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The Tay Son Uprising: Society and Rebellion in Eighteenth-Century Vietnam (Southeast Asia--Politics, Meaning, Memory) Hardcover – September 11, 2006

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Editorial Reviews

From the Back Cover

"George Dutton has written the first detailed Western-language study of the Tây Sơn movement, which permanently altered Vietnam’s political trajectory. But in so doing, he also provides a sensitive social and cultural analysis of the pre-1800 Vietnamese-speaking world as a whole, and indeed one of the most detailed descriptions of any late 18th-century society in Southeast Asia." —Victor Lieberman, University of Michigan

"It is difficult to overstate the significance of George Dutton’s terrific new book. The Tây Sơn Uprising represents the first serious western-language account of the intricate sequence of political developments that define the Tây Sơn era and that arguably mark the onset of modernity in Vietnam. In addition to providing a vividly evocative narrative of the complex political history of the period, Dutton offers lucid and judicious interpretations of the origins, evolution and downfall of the uprising and of its consequences for a wide range of social groups, political forces and ethnic communities. The level of research and historical craftsmanship is superb, and Dutton’s frequent reflections on relevant theoretical and historiographical issues make for fascinating reading. In short, this is a stunning accomplishment and a major contribution to the study of Vietnamese history and historiography." —Peter Zinoman, University of California, Berkeley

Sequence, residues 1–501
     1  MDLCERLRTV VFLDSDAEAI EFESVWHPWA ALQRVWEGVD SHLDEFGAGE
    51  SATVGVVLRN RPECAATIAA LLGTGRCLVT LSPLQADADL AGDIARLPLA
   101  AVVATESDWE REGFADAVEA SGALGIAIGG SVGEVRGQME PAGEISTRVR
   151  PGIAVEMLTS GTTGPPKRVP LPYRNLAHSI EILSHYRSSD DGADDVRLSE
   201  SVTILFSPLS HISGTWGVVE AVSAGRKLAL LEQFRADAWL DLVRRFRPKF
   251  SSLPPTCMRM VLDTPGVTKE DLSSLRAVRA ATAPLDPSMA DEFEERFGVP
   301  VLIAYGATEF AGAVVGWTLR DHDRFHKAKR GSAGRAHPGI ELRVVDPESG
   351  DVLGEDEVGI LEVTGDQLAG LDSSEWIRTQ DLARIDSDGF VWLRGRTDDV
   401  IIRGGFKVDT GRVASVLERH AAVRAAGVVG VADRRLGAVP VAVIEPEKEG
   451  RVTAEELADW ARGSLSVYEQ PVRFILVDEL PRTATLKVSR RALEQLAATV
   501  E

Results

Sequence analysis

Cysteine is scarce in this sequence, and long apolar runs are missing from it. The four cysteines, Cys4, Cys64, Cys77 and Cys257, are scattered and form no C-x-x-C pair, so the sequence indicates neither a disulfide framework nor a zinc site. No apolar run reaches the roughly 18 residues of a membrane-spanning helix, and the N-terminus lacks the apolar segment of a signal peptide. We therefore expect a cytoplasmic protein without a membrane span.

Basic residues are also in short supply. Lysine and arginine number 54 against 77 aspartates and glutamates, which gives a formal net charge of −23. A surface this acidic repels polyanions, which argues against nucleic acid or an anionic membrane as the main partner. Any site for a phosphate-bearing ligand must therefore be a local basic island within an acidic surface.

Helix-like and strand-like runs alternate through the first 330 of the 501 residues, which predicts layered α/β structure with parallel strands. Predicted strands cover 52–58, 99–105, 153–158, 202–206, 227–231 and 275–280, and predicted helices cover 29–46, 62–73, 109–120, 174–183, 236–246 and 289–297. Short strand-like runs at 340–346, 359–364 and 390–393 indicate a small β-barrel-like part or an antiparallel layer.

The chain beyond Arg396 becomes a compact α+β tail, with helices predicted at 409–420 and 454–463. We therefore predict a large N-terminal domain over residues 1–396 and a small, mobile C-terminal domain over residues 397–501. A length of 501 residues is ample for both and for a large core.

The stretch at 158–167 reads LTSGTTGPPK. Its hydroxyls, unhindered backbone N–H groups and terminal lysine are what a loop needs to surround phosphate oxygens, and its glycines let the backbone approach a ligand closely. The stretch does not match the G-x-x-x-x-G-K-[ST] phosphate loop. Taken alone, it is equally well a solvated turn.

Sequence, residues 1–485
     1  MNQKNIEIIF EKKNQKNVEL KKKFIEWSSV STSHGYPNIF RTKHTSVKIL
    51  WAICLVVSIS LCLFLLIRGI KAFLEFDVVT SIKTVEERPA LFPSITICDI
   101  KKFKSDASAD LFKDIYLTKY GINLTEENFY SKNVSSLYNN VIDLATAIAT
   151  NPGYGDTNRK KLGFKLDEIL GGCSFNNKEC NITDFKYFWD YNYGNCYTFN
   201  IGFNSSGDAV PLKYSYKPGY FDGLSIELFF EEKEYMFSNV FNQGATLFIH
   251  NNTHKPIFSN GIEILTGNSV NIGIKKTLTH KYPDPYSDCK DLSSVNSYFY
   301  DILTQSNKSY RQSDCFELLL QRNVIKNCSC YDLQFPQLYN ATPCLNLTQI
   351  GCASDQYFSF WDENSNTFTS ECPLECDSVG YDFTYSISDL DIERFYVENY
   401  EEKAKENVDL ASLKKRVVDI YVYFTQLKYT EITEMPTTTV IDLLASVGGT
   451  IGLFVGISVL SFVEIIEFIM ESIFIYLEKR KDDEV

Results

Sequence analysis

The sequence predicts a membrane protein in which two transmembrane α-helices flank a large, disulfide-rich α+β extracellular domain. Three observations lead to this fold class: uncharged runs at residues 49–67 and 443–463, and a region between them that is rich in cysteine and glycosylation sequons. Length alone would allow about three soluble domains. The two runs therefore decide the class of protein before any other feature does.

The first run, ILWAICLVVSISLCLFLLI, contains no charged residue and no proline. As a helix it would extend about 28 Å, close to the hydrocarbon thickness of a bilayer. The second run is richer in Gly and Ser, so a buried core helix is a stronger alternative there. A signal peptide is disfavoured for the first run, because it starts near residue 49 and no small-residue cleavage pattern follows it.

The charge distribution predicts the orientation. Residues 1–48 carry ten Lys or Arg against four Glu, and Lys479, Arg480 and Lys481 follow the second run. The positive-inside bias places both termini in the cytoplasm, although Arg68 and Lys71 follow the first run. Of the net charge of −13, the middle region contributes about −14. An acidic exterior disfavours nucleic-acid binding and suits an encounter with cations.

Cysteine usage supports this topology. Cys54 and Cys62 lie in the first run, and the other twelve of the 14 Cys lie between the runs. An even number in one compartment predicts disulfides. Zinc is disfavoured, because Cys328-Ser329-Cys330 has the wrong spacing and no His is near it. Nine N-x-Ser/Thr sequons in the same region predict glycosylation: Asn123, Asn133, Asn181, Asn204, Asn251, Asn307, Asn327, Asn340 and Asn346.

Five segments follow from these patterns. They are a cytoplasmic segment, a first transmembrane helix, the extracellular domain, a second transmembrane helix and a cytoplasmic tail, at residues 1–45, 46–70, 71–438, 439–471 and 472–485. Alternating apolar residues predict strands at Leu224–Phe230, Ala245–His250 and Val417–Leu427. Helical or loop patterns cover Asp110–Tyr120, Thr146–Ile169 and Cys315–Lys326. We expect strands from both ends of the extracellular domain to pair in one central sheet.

About the Author

George Dutton is assistant professor in the UCLA Department of Asian Languages and Cultures and chair of the UCLA Interdepartmental Program in Southeast Asian Studies.

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Product Details

  • Series: Southeast Asia--Politics, Meaning, Memory
  • Hardcover: 293 pages
  • Publisher: University of Hawaii Press (September 11, 2006)
  • Language: English
  • ISBN-10: 0824829840
  • ISBN-13: 978-0824829841
  • Product Dimensions: 9.2 x 6.3 x 1 inches
  • Shipping Weight: 1.4 pounds
  • Average Customer Review: 4.7 out of 5 stars  See all reviews (3 customer reviews)
  • Amazon Best Sellers Rank: #1,809,524 in Books (See Top 100 in Books)

More About the Author

I am an Associate Professor at UCLA in the Department of Asian Languages and Cultures, where I teach courses on Vietnamese history and aspects of Southeast Asian societies and cultures. I am also Director of the UCLA Center for Southeast Asian Studies. My research covers numerous elements of Vietnamese history between the middle of the eighteenth century and the 1930. I have written about topics ranging from poetry to military technology to newspaper culture. I am particularly interested in topics of society and culture, notably questions of modernization, changing language, and religious practices. I am currently working on a biography of Philiphe Binh, an 18th-century Vietnamese priest who travelled to Lisbon on behalf of his fellow Catholics in 1796.

Customer Reviews

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4 of 4 people found the following review helpful By W.J. O'Malley on August 31, 2008
Format: Hardcover